I'm an actor, a writer, a painter and a chef. I'm a yogi, a catholic, a buddhist and an atheist. I believe and I doubt. I hope and I despair. I'm a vegetarian and boy do I love steak. I'm a dog person, a cat person and I'm obsessed with cleanliness so I don't own a pet. I love children and I don't have children because like children, I thought I was going to live forever.

It's time to say farewell to Assisi. I've corralled my intentions, my projects and briefly my humanity. A glimpse of death and therefore life presented itself to me in the space between. Now we set off for wilder destinations, Naples and the Amalfi Coast, to sun and swim and eat and drink and forget again for a minute or two that the end is nigh. Or maybe we instinctively DO know which is why we desperately seek and simultaneously cover up this truth over and over again.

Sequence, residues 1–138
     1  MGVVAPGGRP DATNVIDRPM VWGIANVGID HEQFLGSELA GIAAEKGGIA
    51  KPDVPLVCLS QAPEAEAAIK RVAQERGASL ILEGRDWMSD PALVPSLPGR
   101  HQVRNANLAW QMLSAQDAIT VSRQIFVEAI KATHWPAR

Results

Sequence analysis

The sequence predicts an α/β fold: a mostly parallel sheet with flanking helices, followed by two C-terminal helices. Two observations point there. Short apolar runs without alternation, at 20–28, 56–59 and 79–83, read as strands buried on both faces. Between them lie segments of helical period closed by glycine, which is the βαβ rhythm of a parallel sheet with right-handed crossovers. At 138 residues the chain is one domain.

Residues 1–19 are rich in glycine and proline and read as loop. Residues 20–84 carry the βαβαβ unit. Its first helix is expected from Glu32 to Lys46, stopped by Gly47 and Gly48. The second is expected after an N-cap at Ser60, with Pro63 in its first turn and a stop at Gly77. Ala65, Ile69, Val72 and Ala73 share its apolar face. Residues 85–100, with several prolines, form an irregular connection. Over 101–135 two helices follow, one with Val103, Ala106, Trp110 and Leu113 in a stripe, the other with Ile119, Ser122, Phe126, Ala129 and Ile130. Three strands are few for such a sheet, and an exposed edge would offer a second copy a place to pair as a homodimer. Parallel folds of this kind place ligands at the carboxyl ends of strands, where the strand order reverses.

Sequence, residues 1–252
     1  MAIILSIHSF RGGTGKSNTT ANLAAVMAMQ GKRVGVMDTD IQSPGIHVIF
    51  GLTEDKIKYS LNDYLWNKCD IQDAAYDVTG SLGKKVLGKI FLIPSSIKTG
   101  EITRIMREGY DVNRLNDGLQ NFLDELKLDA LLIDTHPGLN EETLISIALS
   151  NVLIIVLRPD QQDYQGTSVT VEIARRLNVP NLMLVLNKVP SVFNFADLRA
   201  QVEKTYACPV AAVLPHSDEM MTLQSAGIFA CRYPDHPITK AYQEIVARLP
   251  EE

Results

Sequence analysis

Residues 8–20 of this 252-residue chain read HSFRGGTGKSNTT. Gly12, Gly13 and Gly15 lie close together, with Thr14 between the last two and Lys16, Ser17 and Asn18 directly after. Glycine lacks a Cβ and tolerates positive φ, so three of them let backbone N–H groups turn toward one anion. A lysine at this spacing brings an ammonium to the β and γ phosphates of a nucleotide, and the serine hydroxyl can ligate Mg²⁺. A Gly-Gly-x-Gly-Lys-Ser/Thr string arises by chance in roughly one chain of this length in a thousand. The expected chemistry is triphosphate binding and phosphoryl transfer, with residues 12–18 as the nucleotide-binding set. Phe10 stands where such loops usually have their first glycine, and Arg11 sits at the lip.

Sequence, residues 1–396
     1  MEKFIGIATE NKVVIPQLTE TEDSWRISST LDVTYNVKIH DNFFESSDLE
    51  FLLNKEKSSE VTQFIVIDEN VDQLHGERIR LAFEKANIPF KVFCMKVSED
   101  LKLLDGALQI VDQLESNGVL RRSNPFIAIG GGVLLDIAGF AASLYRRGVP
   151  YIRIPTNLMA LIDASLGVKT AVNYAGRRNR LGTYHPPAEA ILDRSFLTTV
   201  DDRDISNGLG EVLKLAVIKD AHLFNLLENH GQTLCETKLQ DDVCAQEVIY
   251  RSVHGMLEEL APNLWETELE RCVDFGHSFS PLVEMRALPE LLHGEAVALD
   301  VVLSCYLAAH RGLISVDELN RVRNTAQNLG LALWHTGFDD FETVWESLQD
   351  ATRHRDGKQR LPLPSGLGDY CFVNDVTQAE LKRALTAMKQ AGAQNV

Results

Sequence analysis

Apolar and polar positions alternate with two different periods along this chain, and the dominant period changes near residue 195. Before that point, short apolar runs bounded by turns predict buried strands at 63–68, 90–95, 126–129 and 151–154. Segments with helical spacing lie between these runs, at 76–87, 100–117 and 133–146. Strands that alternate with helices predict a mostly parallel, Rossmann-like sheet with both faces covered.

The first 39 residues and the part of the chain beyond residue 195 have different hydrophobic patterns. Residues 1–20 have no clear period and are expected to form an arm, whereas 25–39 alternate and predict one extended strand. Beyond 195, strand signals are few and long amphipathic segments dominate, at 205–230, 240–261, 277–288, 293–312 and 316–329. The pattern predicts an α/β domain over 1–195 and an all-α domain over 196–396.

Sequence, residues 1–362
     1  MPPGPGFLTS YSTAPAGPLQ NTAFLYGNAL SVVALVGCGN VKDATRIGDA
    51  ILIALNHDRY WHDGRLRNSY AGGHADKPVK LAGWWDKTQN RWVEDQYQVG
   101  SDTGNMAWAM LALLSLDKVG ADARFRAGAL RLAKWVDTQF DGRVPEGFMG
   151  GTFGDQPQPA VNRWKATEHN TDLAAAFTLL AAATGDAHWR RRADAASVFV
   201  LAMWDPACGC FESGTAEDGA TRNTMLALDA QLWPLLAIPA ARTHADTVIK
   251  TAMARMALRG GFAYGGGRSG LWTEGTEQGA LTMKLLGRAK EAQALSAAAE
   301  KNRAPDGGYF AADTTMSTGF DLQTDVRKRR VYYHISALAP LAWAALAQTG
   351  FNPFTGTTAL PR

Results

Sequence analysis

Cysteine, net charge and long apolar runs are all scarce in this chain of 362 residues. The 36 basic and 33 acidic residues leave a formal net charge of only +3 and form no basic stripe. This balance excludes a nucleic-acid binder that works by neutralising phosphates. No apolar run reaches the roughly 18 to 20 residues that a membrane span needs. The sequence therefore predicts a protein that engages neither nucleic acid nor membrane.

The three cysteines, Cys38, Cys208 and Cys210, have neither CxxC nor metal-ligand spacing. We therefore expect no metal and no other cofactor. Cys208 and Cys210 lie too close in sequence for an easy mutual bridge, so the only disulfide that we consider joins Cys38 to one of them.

My friend Larry says, "Just think, we're going to be dead soon." Yes Larry, we are. I suppose I better get crackin' on this life.

photo: Tramonto di Assisi. (Assisi Sunset)


Il Mio Italiano in Italia

Pep reflecting on the Tuscan countryside. My muse. My loyal companion. My pain in my ass. 

Pep gets antsy like anyone stuck in a medieval mountain town doused in the dry heat of late summer, surrounded by stale bread and religious pilgrims and church groups from the Phillipines and the Midwest. 

Lucky for him (and unlucky for me) he has a car. I'm supposed to be here working, writing... and I am...sometimes. But then out of nowhere, well, actually from my window that I open every morning, Tuscany comes a calling, and Lake Trasimeno, and the sea...